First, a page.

Kasich did not hesitate, saying it was “shocking to everybody.”

“Don’t ever steal anybody’s dancers, is the message," the governor said, referring to Perry’s admission on “The Late Late Show” this week about the pair’s alleged feud over shared backup dancers.

“Maybe they’re just trying to get some extra press, although I don’t know that Taylor Swift needs any more press,” Kasich said. “In fact, she kind of went into hiding, and now they say she’s going to reemerge with a new sound.”

Kasich, a 65-year-old father of twin 17-year-old girls, then spoke about Swift’s recent hit with Zayn, “I Don’t Want to Live Forever,” and her collaboration with former boyfriend Calvin Harris on “This is What You Came For.”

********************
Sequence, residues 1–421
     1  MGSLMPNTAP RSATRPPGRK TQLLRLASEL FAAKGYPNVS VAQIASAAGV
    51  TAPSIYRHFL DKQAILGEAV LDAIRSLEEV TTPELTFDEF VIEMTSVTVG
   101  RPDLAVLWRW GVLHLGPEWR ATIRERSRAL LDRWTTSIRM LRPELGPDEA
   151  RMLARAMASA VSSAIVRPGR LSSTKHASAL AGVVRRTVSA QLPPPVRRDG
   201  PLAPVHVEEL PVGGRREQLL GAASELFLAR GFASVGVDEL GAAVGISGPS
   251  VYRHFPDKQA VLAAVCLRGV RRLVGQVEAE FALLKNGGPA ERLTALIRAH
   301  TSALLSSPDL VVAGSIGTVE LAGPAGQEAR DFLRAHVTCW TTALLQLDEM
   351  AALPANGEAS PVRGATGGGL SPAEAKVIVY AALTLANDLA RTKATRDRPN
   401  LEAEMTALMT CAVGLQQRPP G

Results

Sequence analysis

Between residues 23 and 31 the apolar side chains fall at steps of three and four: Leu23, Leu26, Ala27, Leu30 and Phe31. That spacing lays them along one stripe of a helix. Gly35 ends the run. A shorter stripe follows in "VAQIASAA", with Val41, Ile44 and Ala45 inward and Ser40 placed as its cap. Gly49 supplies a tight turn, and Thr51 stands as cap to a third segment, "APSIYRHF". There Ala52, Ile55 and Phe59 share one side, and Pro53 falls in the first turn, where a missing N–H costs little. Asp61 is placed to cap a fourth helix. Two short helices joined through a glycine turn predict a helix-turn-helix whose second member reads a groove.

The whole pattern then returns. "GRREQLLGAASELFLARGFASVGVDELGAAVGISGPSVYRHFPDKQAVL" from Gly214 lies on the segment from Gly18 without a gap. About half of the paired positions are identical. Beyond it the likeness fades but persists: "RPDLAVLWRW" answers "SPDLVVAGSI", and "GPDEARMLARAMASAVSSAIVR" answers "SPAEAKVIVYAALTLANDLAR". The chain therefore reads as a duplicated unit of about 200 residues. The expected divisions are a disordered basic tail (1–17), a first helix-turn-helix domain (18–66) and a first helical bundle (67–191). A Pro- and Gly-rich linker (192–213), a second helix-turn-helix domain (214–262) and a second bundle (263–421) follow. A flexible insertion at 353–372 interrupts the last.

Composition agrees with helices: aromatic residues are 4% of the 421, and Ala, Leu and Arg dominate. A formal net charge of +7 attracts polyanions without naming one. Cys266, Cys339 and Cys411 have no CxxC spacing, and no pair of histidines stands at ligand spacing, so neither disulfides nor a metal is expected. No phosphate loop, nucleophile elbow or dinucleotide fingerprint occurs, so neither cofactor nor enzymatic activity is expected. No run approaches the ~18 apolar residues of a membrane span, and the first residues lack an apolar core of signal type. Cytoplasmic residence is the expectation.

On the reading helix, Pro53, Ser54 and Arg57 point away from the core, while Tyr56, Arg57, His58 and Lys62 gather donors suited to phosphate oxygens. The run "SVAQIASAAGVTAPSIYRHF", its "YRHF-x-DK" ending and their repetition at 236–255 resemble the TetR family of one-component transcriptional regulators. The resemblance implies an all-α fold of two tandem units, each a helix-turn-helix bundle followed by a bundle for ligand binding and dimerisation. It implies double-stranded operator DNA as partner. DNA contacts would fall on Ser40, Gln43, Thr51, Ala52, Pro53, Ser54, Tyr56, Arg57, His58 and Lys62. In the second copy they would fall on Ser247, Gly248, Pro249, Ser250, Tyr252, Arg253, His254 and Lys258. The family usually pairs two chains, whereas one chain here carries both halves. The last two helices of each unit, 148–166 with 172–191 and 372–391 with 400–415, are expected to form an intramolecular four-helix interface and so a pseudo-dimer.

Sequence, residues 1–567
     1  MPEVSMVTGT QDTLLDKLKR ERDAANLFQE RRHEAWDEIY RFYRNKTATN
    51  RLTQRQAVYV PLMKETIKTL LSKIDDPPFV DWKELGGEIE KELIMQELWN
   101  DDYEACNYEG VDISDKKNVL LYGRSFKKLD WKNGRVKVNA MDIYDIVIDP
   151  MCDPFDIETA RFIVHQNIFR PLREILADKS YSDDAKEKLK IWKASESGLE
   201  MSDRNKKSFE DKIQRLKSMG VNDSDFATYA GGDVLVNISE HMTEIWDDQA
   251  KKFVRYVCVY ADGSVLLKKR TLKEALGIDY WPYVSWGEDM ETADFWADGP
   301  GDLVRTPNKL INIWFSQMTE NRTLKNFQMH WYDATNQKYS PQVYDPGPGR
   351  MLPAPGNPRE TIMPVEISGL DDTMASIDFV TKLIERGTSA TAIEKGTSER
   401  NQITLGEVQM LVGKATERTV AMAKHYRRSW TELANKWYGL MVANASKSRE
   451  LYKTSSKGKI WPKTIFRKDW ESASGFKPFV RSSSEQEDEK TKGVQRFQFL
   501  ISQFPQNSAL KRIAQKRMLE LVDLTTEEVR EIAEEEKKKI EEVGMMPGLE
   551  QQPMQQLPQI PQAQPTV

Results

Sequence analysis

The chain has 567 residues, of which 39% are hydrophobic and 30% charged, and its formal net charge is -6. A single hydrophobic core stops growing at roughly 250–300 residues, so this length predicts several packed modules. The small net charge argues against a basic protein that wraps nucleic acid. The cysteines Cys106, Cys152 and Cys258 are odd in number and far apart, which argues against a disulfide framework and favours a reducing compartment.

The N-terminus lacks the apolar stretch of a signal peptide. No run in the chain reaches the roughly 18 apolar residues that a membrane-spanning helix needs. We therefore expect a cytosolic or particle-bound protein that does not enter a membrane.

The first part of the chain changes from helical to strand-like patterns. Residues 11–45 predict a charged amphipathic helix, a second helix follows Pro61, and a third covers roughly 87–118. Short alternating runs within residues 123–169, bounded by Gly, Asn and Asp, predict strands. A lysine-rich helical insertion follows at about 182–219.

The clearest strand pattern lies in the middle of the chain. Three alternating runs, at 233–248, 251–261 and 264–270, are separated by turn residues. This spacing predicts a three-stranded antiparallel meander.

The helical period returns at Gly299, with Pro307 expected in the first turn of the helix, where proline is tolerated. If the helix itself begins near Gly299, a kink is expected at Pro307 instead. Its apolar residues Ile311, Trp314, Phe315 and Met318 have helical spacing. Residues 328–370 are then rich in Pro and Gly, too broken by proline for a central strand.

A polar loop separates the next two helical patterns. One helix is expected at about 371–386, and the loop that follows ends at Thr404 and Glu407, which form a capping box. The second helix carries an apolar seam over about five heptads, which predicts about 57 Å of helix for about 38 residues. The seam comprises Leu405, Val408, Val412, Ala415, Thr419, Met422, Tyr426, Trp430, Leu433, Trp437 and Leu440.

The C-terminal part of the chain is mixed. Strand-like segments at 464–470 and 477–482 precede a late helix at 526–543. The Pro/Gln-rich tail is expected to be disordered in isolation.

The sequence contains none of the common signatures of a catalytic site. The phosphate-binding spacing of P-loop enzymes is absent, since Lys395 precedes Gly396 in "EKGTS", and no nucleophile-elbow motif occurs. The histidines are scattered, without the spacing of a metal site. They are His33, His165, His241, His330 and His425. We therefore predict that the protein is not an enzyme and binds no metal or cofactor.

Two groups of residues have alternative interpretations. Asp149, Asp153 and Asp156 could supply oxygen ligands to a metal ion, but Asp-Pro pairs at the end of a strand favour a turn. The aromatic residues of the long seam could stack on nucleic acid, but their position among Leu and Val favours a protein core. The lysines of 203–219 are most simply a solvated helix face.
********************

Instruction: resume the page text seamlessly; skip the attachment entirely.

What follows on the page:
“I will tell you, [Swift] met my wife and kids at a concert. She knew everything about my wife and my children. She was just unbelievably great,” Kasich said. “And Katy, you know, I have a friend that knows Katy Perry, and she’s very talented. So, two great pop artists.”

Kasich said his love of pop culture was a welcome break from the grind of politics. 

“You can do it ’til the day you die,” he said. “And I find it interesting, and I find it a nice break from the world of debates and all those kinds of things.”

Bank forecloses on ‘Extreme Makeover’ homeowner in Michigan

Nearly nine years ago, Arlene Nickless had her home rebuilt on national television. By Monday, she must turn in her keys and leave.

>> Read more trending news 

Designers with ABC’s “Extreme Makeover: Home Edition” helped by hundreds of volunteers — built her family's home in 2008 after the death of Tim Nickless, her husband of 18 years. But keeping up payments on the mortgage has been a struggle, and it was foreclosed in September, the Lansing State Journal reported. It has been up for auction online for weeks.